A: Statistically, the risk of nausea is about 20 percent. The highest incidence of nausea occurs following abdominal operations. We frequently administer additional anti-nausea medications to those at risk. Scientifically, the cause of nausea with anesthesia and surgery has never been clearly identified. Unscientifically, we are also concerned about people with a history of nausea after procedures or who have sensitivity to narcotics (such as codeine), and we will additionally treat these patients. As with most drugs, including anti-nausea medications, side effects are possible. Therefore, each patient is considered on an individual basis.

Q: WHY DID I HAVE A SORE THROAT AFTER MY LAST PROCEDURE?
A: Many procedures need more airway protection than that provided by a mask. So for those cases, after the general anesthetic has been administered, a breathing tube is placed into the windpipe to secure the airway. This tube is routinely removed before the patient has fully regained consciousness. The breathing tube may cause a sore throat that usually passes in a day or two.

Q: I HAVE AN UNUSUAL ALLERGY. ARE THERE SPECIAL CONCERNS RELATED TO THIS ISSUE?
A: Swelling, difficulty breathing, and/or low blood pressure are serious allergic reactions. Some reactions are labeled allergies, but may be predictable side effects of medications. For example, an “allergy” to a local anesthetic manifesting itself as rapid heart rate may have been from epinephrine (adrenaline) contained in some solutions. Additionally, some itching with narcotics is not unusual. Please discuss your specific medical conditions and any known allergies with your anesthesiologist prior to surgery.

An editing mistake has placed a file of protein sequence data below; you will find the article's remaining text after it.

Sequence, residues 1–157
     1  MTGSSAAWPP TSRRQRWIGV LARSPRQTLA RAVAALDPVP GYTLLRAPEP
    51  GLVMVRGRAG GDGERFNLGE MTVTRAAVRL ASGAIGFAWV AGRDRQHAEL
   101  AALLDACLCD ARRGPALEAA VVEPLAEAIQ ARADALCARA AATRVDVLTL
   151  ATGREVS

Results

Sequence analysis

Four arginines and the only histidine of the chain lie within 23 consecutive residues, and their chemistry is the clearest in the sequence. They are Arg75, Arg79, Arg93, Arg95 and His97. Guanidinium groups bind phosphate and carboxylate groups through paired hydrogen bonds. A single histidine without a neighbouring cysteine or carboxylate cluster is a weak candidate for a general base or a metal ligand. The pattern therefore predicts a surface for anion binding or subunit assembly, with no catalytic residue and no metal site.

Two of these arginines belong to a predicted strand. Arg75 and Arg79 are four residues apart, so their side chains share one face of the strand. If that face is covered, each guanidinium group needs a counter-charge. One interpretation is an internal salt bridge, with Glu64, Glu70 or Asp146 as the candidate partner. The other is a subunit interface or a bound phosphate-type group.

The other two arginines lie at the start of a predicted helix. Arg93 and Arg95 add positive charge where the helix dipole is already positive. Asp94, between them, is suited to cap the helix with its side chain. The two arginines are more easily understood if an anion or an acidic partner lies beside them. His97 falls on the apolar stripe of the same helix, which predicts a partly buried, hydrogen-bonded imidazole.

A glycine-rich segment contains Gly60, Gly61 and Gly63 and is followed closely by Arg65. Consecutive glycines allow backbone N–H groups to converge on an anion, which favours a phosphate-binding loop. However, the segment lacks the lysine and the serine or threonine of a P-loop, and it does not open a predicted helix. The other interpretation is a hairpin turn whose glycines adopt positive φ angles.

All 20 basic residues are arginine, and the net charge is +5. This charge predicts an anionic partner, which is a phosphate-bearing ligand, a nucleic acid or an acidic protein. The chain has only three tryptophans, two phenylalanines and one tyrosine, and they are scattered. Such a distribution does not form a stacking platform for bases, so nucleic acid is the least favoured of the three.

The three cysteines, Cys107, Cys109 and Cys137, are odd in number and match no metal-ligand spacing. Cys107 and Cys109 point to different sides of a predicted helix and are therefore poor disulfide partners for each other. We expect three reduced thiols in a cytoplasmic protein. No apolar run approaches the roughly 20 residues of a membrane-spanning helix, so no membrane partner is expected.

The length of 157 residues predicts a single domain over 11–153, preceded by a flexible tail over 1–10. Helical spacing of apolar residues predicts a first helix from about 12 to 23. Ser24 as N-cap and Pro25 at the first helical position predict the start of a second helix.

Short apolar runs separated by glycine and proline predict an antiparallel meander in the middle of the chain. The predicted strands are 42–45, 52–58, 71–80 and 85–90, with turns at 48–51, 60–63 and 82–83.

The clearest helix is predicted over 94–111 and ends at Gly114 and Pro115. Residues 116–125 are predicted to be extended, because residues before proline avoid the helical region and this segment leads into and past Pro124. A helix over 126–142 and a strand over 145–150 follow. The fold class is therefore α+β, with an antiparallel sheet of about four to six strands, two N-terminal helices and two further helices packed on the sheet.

Q: I HAD A PROBLEM WITH A PREVIOUS ANESTHETIC, BUT I DON’T KNOW THE DETAILS. WHAT SHOULD I DO?
A: Prior to your surgical procedure, we can request your old medical records or you can personally request medical records from other non-Novant facilities where we do not practice. Our anesthesia staff makes every effort to talk to you or to your family about any issues or medical conditions that may impact your anesthesia.

Q: WHAT IS THE DIFFERENCE BETWEEN MONITORED ANESTHESIA CARE (MAC) AND GENERAL ANESTHESIA?
A: Not all surgeries require general (unconscious) anesthesia. Sometimes, sedation (usually used to supplement local numbing injections) is enough to keep you comfortable. It is possible to give you light sedation, moderate sedation, or deep sedation, depending on the type of procedure or your medical condition. You may hear various phrases with different terminology used to describe sedation protocols. For example, monitored anesthesia care (MAC) combines intravenous sedation with local anesthetic infiltration or nerve blocks, and enables patients to undergo lengthy and complex procedures as outpatients.

Some anesthesia terms mean the same thing or have overlapping connotations. Sometimes, the phrases are used interchangeably, but are technically a little different. And, some of these descriptors for sedation techniques are actually quite specific. The continuum of consciousness, as it relates to anesthesia, goes from awake, to lightly sedated, to moderately sedated, to deeply sedated, and finally unconscious under general anesthesia.

What to Expect the Day of Surgery

Q: WHAT DO I NEED TO DO BEFORE SURGERY?